INITIAL INFO

The purpose of this study is to examine and compare how the target population perceives youth homelessness, and the realities of youth homelessness in Toronto; additionally, to explore if youth homelessness has increased or decreased since COVID-19. The results of this work will enlighten my audience and instil self-reflection. My target audience are youth / young adults aged 16 - 24, hence why this topic will hopefully instil self-reflection. 53 participants in the GTA (greater Toronto area) answered 7 questions regarding their perceptions of youth homelessness in Toronto in order to procure the following results. The following results are supported through an interview conducted with Bradley Harris, the Assistant Divisional Social Services Secretary at the Salvation Army with well over twenty-five years of experience with homeless youth. 

SURVEY RESULTS

SURVEY-gender-identity.png

Data points from this line graph were retrieved from the "Shelter System Flow" open data sources provided by the City of Toronto and a quantitative survey. 

Evidently, many participants assumed that transgender, non-binary, and two-spirit peoples would be the highest population size. Interestingly, this demographic in Canada consists of approximately 5% of our current population. Therefore, the actual 5% gathered from the data, proves to be an adequate number in relation to the overall population size.

Personal Stories 

SURVEY -population size.png

Data points from this line graph were retrieved from the "Shelter System Flow" open data sources provided by the City of Toronto and a quantitative survey. 

Interestingly, at the beginning of COVID-19 in Toronto, the amount of youth homeless individuals was 987 individuals,  which is very close to the average answer from the survey. However, as of March 2021, this amount has decreased to 735 youth. 
Harris believes this number will increase and eventually level off to approximately 1000 individuals per month. He comments how "accessibilities will begin to increase as services will evolve​" after the COVID-19 pandemic.
POPULATION-1.png
This line graph shows the youth homeless population steadily decreasing since the beginning of last year (January, 2020). According to the Canadian Health Care Network, COVID-19 entered Canada on January 25, 2020. Therefore, this data shows the impacts that COVID had on this population as being beneficial to moving the youth off the streets.
According to Harris, there are many reasons to the decrease of youth homeless in shelters at the start of COVID-19. Factors include lower eviction rates in Toronto, capacity in shelters decreasing to accommodate social distancing, and finding other refuges for shelter such as isolation sites if they caught the COVID-19 virus.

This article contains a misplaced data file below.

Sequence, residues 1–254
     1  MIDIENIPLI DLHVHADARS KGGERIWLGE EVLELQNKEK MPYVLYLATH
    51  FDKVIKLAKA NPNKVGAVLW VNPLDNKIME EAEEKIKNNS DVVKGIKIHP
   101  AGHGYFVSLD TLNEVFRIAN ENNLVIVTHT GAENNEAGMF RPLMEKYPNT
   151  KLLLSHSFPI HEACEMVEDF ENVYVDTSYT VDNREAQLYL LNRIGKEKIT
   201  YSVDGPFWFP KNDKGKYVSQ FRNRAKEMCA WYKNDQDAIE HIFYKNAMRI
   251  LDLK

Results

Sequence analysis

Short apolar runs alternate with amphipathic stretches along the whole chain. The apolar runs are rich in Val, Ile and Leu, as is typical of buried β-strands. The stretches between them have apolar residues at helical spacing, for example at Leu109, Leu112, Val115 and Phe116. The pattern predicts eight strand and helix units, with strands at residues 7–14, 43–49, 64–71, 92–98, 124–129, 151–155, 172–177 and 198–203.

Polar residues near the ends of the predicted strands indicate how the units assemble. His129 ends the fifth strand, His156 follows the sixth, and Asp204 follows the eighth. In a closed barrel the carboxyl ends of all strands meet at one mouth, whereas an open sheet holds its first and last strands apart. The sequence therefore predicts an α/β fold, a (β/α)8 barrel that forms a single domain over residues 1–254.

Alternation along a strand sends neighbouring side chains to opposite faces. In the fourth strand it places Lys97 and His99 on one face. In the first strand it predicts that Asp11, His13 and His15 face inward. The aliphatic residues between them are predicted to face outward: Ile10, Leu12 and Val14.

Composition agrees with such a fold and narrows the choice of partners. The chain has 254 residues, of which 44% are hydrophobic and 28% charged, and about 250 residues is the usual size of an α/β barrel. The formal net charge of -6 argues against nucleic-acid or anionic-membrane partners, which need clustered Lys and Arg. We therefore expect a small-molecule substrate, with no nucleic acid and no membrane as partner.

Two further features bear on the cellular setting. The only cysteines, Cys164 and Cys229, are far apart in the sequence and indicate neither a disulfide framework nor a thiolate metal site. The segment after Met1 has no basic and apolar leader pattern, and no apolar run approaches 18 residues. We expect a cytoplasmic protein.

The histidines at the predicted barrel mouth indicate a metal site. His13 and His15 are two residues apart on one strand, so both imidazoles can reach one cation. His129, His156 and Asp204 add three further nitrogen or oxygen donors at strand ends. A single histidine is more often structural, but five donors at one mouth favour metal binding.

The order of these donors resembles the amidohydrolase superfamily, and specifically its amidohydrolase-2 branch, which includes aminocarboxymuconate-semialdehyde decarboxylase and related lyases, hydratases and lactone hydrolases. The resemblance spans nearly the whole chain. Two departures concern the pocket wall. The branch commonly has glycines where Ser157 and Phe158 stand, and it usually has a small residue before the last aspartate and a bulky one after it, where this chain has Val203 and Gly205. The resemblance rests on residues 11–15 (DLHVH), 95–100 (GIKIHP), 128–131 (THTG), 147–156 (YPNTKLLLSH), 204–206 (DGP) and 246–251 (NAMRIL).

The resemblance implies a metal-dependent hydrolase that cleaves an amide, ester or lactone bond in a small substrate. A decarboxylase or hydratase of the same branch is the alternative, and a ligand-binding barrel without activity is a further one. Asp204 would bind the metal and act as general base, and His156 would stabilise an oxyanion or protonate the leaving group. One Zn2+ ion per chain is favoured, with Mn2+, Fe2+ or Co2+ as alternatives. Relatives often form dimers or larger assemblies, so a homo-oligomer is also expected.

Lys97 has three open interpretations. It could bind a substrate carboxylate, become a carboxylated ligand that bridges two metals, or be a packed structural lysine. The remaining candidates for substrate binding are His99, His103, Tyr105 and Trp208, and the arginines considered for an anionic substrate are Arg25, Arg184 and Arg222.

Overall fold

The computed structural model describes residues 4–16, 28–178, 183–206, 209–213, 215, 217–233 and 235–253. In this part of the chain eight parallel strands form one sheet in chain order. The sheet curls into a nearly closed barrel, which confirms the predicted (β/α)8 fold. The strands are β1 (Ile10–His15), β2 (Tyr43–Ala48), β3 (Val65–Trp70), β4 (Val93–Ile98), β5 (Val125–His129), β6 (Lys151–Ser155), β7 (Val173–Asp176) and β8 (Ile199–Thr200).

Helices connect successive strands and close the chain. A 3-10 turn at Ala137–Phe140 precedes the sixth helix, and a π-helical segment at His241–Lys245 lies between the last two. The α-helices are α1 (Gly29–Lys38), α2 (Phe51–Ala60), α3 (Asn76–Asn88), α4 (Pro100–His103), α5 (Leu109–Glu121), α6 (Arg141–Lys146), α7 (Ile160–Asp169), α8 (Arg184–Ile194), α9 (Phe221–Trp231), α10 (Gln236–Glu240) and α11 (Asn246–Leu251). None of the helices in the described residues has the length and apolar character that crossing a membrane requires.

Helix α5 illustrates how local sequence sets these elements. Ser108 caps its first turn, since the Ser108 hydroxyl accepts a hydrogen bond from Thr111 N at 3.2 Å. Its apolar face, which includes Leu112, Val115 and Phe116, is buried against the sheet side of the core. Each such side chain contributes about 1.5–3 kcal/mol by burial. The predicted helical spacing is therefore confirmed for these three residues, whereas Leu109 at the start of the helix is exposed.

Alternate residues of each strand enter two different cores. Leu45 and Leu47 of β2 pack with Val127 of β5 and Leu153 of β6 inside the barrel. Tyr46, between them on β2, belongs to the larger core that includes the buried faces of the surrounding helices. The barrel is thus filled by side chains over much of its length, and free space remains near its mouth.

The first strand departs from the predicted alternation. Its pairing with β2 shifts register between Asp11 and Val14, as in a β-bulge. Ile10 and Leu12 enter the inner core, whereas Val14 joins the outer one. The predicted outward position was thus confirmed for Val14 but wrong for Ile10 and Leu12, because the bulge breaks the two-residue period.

Data points from this line graph were retrieved from the "Shelter System Flow" open data sources provided by the City of Toronto. 

SURVEY - age.png

Data points from this line graph were retrieved from the "Shelter System Flow" open data sources provided by the City of Toronto and a quantitative survey. 

The quantitative study reveals that most people (90%) believe that the predominant age bracket for youth homelessness is between the ages of 16-24. This presumption is correct with the current statistics offered by the Shelter System Flow data as of May, 2021, which offers that 60% of homeless youth are in the 16 to 24 bracket. 

Harris comments how the biggest challenge for shelter systems now, is funding youth specific services and support. He comments how the goal is to"get kids off the street, give them the income that they need, provide housing and the success they deserve." 

PERSONAL STORIES

Samantha

Samantha, a youth from Eva’s homeless shelter, comments how her mental health diagnosis prevented her from being able to participate in certain shelter programs. She resorted to attending Eva’s in order to attempt educational studies. However, the overarching problem for homeless youth pursuing school, is if their studies are interrupted, they need to repeat certain courses. Evidently this is a barrier many homeless youth face.  In the wake of approximately 1 in 5 youth in Canada having a mental illness, more support will need to be allocated after the COVID-19 pandemic. Bradley Harris comments how the mental health landscape has “changed drastically…[calling for] a need for this service in outreach programs.” Youth homeless shelters can only offer a general level of mental health support, however, Harris believes this “may not be at the same level as they might need.”

Stephen

Since youth shelters are especially designed to promote growth in the individual and offer them opportunities to better themselves, most youth are not brought to these locations unless unexpected circumstances arise. In Stephen’s case, he found himself at an adult shelter which he comments was a more “aggressive environment [than] in the youth shelter.” Harris comments how youth enter adult shelters only when spaces are full. The adult shelters consist of “adults averaging around 45 to 46 years old who have been chronically homeless for more than two years.” Because of this drastic age difference and circumstances, youth are given more support at targeted shelters such as more access to education, work background, and programming to help them in the future. Additionally, in more recent years, there has been a push towards how shelters are responding to the LGBTQ2S demographic.